Response: Wording in the SAR that says the common dolphin research take was not included in the bycatch estimates is not correct and has been removed. In fact, the 0.2 addition to the five-year average for this take was added twice, as it was already accounted for in the bycatch table. However, the Northeast Sink Gillnet fishery mean annual mortality number has been revised to 27 to account for a rounding error. The NEFSC is in the process of obtaining authorization for fishery-related research takes (see response to comment 21).

Comment 21: It is evident that harbor porpoise mortality continues to exceed PBR. To add to the species' woe, the SAR details the mortality of 12 porpoises in a monkfish research fishery in 2009. If this level of mortality resulted from nets fished outside the harbor porpoise management areas, it may be an indication that these areas are not sufficiently protective of this stock. It is also important to note that, to the best of our knowledge, the region does not possess authorization for research-related mortalities and needs to seek formal incidental take authorization for its fishery research.

Response: The NEFSC is in the process of issuing letters of authorization under the MMPA for fishery-related research takes where needed to supplement existing MMPA and ESA scientific research permits.

Comment 22: Abundance estimates are outdated for harbor, harp, and gray seals. The sections on other mortality give short shrift to the discussion of illegal shooting that is an increasing problem. The region needs to devote at least a sentence or two in the SARs addressing the numbers of animals found illegally shot as it helps inform potential trends in and sources of anthropogenic mortality.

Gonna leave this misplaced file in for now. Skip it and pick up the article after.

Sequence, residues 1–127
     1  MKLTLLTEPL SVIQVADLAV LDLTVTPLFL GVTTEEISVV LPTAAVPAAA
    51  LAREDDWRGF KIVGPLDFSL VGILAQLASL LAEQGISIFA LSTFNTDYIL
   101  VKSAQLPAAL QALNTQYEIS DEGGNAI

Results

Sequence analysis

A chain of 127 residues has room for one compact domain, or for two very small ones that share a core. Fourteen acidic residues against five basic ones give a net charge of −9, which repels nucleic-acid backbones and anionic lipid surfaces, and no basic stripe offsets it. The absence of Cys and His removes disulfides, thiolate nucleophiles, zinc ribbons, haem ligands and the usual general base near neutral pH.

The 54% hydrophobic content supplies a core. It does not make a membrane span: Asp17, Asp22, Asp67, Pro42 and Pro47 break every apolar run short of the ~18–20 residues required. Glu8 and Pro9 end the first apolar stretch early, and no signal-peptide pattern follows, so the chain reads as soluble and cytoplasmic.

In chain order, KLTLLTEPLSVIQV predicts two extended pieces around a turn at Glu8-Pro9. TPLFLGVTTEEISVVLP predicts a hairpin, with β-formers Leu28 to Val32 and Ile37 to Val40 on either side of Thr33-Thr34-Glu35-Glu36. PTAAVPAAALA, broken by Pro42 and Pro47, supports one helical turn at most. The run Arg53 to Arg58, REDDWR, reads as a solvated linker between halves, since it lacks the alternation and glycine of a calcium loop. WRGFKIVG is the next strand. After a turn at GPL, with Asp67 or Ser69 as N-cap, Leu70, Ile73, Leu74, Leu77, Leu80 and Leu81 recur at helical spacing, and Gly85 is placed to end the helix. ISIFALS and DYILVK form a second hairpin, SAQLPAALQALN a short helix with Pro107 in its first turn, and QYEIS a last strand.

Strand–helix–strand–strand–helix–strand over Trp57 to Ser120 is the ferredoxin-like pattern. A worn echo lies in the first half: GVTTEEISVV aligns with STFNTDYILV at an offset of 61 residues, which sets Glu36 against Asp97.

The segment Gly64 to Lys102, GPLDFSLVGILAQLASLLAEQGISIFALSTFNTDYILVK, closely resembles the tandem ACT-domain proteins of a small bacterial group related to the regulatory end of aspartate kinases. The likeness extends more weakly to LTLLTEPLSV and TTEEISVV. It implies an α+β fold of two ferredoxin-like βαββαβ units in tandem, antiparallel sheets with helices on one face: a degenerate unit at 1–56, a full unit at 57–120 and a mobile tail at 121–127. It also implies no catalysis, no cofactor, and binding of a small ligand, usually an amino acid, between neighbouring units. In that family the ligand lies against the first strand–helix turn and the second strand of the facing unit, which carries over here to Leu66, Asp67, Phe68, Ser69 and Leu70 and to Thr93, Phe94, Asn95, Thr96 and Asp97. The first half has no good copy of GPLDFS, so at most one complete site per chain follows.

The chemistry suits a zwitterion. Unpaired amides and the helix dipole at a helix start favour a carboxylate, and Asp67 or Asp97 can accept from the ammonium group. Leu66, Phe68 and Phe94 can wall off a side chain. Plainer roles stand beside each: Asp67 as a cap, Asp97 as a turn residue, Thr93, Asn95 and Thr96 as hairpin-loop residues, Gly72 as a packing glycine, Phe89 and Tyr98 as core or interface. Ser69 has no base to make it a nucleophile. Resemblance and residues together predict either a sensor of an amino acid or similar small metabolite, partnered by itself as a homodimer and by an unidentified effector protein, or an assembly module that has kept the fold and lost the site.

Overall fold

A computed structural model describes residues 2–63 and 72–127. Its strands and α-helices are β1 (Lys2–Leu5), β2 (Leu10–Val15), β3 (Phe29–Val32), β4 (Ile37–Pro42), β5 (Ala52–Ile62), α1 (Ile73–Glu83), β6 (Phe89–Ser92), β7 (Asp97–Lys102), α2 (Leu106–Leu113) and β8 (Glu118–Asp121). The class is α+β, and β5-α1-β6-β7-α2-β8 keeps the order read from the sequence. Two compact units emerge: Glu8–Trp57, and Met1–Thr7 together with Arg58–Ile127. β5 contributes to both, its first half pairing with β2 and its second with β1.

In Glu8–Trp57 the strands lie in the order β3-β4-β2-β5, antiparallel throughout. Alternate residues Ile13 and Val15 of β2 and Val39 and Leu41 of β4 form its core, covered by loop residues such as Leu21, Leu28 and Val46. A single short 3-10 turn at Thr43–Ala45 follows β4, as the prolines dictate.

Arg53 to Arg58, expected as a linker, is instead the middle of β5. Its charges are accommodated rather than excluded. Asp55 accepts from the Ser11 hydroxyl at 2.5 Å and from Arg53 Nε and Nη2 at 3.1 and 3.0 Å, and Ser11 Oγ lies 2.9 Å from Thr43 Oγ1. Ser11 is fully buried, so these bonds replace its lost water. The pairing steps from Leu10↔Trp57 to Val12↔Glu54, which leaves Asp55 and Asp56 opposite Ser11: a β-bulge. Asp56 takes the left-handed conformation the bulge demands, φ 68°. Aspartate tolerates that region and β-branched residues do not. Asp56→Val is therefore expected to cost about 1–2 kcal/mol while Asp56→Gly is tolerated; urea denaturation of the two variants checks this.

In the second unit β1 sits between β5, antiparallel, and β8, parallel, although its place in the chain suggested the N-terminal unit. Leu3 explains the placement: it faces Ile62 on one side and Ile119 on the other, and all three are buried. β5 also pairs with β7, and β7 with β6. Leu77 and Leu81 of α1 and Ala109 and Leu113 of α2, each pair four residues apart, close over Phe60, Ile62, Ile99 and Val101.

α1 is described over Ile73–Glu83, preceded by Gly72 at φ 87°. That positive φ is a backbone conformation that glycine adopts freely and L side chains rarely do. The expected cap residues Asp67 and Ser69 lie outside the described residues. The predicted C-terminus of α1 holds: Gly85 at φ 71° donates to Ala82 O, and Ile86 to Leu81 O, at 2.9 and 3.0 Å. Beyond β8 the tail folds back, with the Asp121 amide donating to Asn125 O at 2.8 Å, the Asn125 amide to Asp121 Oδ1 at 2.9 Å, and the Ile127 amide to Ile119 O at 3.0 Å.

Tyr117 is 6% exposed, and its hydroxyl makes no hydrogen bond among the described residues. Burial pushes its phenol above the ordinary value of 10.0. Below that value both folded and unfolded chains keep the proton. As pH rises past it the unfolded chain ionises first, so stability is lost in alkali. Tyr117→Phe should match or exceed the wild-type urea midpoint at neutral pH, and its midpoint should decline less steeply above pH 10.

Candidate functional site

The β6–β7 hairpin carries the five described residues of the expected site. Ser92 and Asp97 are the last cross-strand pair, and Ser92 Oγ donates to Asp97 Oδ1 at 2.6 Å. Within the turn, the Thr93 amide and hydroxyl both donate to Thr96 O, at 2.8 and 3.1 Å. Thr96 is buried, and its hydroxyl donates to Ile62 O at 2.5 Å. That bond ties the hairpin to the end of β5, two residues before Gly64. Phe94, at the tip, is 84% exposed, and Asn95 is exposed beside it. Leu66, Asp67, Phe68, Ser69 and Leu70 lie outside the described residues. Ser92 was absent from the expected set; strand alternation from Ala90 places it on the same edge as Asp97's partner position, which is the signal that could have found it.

Response: Information has been added to the 2011 SARs indicating the estimated number of seals injured and killed by illegal shootings. From 2005-2009, there were 7 harbor seals, 3 harp seals, 1 gray seal, 1 hooded seal, and 2 unidentified seals reported as having been shot in the NOAA Northeast and Southeast marine mammal stranding databases.

Comment 23: The change in the abundance estimate for Atlantic white-sided dolphins and consequent reduction in the PBR results in fishery-related mortality once again exceeding PBR. NMFS has convened take reduction teams to address fishery-related bycatch of this and other species. It would seem particularly important to review the measures under the take reduction plan for the Northeast Bottom Trawl fishery.

Response: The NEFSC is currently investigating the past and present trends in abundance and bycatch estimates of Atlantic white-sided dolphins. This will determine the most appropriate current bycatch estimates and determine whether the abundance estimates are changing due to analytical reasons, changes in the dolphin's spatial-temporal use of U.S. waters, or fishery-related mortality. The results of these investigations will likely be available in early 2013, at which time NMFS will determine if the Atlantic Trawl Gear Take Reduction Team will meet to review and discuss possible measures to reduce bycatch to below PBR.

Comment 24: According to the draft SAR, the population estimate for white-sided dolphin is based upon “the sum of the 2006 and 2007 surveys,” yet the 2006 and 2007 surveys covered an area where you would not expect to find components of the white-sided dolphin stock and was conducted during a time when you would expect low observations, resulting in low estimates. Why is there no “Current Population Trend Analysis” for this stock? What are the results of the 2008, 2009, 2010 surveys for the white-sided dolphins?